Forcing Bluetooth on at start-up.

Well it sort of works… on start-up,


It flashes on and off once, and then once I log in as myself, it turns on… so I need to tweak something, somewhere… ::slight_smile:

You’ve lost me ???

Is it honestly that difficult to understand? It toggles itself on and off for a split second at the Ubuntu splash screen, with the script and when I log it, it turns itself automatically on… I don’t understand how the concept is hard to understand? ???

OK, I’ll elaborate :slight_smile:

a) how does your picture of the Ubuntu loading screen help anyone understand that ?
b) so it’s fixed and doesn’t require “tweaking” ?

If it’s working … why does it need “tweaking” ? ← THIS is the bit you haven’t explained

So YES, I’d say it needs some explaining :o

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Ok, I’ll help you “understand” :wink:

It needs tweaking as I want it to come on and stay on AT the Ubuntu splash screen. Like I said, it comes on for a brief second whilst AT the UBUNTU SPLASH SCREEN. Still with me? Ok, good.

In order for it to stay on, it (the script you wrote which now resides in rc.local) needs “some tweaking”, which help enable me to get the desired result I’m looking for.

This way I can use bluetooth devices at start to control the laptop, coughAppleMagicMousecough. I’m picking such devices up on Tuesday, next week.

Surely that wasn’t TOO complicated to understand?

But that’s an impossibility … how are you to use Bluetooth until the drivers and service are loaded and the “pairing” negotiated, Bluetooth requires that “authenticated” connections are negotiated … this can only occur in software, and I doubt will EVER be part of a system BIOS

What you’re expecting would be analogous to a wireless connection being negotiated BEFORE Network Manager is loaded … I would have thought you’d understand that ?

Let me know if you need this explaining … Smart Alec :wink:

Oh god, you don’t get me…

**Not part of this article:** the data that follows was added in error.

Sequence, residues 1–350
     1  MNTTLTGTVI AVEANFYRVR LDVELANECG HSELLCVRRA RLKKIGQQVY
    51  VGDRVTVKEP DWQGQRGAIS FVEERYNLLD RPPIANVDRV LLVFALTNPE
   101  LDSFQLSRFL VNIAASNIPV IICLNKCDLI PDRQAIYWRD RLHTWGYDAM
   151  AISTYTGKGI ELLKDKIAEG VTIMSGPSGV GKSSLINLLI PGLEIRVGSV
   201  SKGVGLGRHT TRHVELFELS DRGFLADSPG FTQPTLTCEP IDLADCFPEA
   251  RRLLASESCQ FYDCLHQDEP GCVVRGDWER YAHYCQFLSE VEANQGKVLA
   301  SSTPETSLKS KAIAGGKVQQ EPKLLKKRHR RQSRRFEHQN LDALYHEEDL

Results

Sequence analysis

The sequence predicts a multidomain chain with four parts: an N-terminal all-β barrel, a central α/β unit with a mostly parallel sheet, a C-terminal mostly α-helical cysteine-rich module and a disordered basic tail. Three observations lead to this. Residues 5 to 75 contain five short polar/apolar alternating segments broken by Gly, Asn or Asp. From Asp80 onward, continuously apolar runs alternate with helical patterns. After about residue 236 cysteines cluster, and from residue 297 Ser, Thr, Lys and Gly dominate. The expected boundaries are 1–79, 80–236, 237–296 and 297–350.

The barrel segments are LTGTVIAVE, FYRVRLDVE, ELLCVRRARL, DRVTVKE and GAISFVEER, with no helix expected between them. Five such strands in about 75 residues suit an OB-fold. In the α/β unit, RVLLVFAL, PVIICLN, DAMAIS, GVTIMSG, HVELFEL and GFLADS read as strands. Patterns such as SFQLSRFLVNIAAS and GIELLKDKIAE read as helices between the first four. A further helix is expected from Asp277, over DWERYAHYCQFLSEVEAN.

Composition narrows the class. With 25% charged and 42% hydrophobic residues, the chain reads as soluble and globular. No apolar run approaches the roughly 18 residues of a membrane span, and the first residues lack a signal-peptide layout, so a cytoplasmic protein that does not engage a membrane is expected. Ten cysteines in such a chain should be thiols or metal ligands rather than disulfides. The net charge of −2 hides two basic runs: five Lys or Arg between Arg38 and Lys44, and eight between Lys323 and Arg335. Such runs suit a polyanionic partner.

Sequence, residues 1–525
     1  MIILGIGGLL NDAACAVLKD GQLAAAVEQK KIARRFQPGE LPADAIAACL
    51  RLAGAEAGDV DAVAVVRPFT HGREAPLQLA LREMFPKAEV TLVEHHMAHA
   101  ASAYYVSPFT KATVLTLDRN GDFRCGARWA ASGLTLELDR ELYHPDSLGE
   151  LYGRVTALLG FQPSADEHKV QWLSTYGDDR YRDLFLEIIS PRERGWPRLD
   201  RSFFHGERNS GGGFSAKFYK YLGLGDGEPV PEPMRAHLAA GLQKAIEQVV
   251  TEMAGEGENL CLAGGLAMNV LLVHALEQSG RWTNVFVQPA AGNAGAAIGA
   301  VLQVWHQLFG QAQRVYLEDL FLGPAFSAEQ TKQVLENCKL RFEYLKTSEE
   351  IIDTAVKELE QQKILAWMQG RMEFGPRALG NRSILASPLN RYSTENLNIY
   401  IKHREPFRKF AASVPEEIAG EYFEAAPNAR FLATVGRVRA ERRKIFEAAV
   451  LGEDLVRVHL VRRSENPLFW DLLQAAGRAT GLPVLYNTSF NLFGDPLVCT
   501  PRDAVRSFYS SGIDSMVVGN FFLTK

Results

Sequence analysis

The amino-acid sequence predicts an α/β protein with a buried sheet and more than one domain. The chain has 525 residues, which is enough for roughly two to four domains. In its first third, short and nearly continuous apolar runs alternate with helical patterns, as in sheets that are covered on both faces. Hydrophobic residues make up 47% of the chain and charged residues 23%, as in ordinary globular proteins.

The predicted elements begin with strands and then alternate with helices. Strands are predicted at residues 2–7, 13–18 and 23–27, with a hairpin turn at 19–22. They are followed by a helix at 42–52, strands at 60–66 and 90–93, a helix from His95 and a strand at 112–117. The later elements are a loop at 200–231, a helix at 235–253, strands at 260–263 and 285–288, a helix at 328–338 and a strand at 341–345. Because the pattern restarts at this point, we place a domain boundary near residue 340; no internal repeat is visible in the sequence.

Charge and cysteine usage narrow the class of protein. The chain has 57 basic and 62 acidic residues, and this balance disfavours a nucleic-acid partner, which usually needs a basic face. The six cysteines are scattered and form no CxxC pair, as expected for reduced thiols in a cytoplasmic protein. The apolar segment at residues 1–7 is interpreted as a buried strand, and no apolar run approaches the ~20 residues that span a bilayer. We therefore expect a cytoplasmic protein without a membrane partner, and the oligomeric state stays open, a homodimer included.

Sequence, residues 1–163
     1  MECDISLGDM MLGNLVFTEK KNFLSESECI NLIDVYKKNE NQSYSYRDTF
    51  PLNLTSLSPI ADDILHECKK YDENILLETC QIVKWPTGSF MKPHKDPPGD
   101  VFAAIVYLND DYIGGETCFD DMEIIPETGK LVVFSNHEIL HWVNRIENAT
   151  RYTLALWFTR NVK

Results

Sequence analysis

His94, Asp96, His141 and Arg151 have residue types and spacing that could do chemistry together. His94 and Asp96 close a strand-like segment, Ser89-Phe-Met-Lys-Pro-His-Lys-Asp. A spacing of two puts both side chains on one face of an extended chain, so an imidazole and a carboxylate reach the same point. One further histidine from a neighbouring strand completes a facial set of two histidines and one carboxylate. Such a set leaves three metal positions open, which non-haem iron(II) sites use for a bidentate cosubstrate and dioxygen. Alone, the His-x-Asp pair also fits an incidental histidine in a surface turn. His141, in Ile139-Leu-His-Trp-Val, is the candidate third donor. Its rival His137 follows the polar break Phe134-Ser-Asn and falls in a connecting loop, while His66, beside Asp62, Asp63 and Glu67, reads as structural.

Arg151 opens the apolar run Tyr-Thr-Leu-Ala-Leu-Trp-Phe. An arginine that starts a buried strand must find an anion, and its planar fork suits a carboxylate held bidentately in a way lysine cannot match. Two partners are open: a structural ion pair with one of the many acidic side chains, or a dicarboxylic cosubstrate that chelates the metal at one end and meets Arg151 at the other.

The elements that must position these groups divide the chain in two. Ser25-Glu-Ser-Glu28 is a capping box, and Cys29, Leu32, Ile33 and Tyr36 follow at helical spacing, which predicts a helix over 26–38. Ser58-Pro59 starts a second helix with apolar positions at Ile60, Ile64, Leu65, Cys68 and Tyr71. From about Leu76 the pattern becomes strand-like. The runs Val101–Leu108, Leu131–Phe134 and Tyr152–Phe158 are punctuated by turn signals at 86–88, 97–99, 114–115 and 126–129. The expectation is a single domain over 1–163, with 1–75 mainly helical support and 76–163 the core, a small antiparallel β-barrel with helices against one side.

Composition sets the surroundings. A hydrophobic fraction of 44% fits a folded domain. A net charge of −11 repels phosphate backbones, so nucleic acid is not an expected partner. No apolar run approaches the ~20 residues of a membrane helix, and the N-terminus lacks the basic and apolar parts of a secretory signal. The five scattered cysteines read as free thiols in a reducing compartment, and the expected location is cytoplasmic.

When the devices have already been paired, they’d automatically connect to the laptop, so the authentication would already be there. As it would have been setup whilst the machine was running. Like you would normally. The “cool” bit kicks in, AFTER you’ve negotiated the connections. So when you restart, the laptop already knows what authenticates what.

The drivers are loaded whilst the the Ubuntu splash screen, otherwise it wouldn’t come on.

So yes, smart alec I am… :stuck_out_tongue:

Wireless is a whole different story, but we already know that. So let’s not go down there.

I’ll give you the benefit of the doubt that you’re not thinking this through …

Wireless is NOT a whole other question … as with Network Manger, a Bluetooth device CANNOT be “paired” until the software that authenticates the “pairing” is loaded … the devices themselves do NOT do the pairing, as they have no way of remembering a “pairing” … in EXACTLY the same way a wireless device cant authenticate with the router UNTIL Network Manager is loaded, then Network Manager loads the saved profile for the connection.

the flashing of the light you are seeing early in the boot process is the bluetooth device being initialised, and the drivers loaded … then it has to wait for the bluetooth service to be started for the “pairing”/authentication/connection to take place.

Bluetooth is just a wireless protocol like any other, and requires software management of the connections.

Thanks for calling me “God” by the way … but a little over the top, and not necessary :wink:

If you’ve already ordered the hardware, it probably makes more sense to try sort this when it arrives … it may even turn out that the bluetooth light only comes on when something connects or there may be a delay … point is we have no way of knowing ATM ???

Links for future reference:

From the look of those pages, maybe we need to work out why /etc/init.d/bluetooth doesn’t appear to be starting bluetooth properly (or at all).


Bear in mind it’s never going to be available for things as early as the GRUB menu … but we may (with luck) be able to get it to kick it before the login screen … worst case scenario, enable auto login, granted not ideal, but an option.